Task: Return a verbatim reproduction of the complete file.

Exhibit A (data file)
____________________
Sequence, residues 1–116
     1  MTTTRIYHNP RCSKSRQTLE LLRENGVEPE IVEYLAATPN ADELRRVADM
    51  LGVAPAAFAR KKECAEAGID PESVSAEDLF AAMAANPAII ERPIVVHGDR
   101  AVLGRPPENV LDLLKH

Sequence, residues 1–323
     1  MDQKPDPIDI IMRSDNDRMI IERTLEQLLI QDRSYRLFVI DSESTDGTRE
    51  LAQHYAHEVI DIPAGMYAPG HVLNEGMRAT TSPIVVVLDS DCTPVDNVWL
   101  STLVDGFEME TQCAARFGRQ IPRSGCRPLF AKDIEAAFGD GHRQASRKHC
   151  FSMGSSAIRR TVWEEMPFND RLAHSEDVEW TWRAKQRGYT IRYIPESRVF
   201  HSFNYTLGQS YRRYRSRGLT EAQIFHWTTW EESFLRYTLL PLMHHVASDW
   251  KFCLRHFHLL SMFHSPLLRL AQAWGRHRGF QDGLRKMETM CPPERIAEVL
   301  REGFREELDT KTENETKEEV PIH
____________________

Sequence, residues 1–116
     1  MTTTRIYHNP RCSKSRQTLE LLRENGVEPE IVEYLAATPN ADELRRVADM
    51  LGVAPAAFAR KKECAEAGID PESVSAEDLF AAMAANPAII ERPIVVHGDR
   101  AVLGRPPENV LDLLKH

Sequence, residues 1–323
     1  MDQKPDPIDI IMRSDNDRMI IERTLEQLLI QDRSYRLFVI DSESTDGTRE
    51  LAQHYAHEVI DIPAGMYAPG HVLNEGMRAT TSPIVVVLDS DCTPVDNVWL
   101  STLVDGFEME TQCAARFGRQ IPRSGCRPLF AKDIEAAFGD GHRQASRKHC
   151  FSMGSSAIRR TVWEEMPFND RLAHSEDVEW TWRAKQRGYT IRYIPESRVF
   201  HSFNYTLGQS YRRYRSRGLT EAQIFHWTTW EESFLRYTLL PLMHHVASDW
   251  KFCLRHFHLL SMFHSPLLRL AQAWGRHRGF QDGLRKMETM CPPERIAEVL
   301  REGFREELDT KTENETKEEV PIH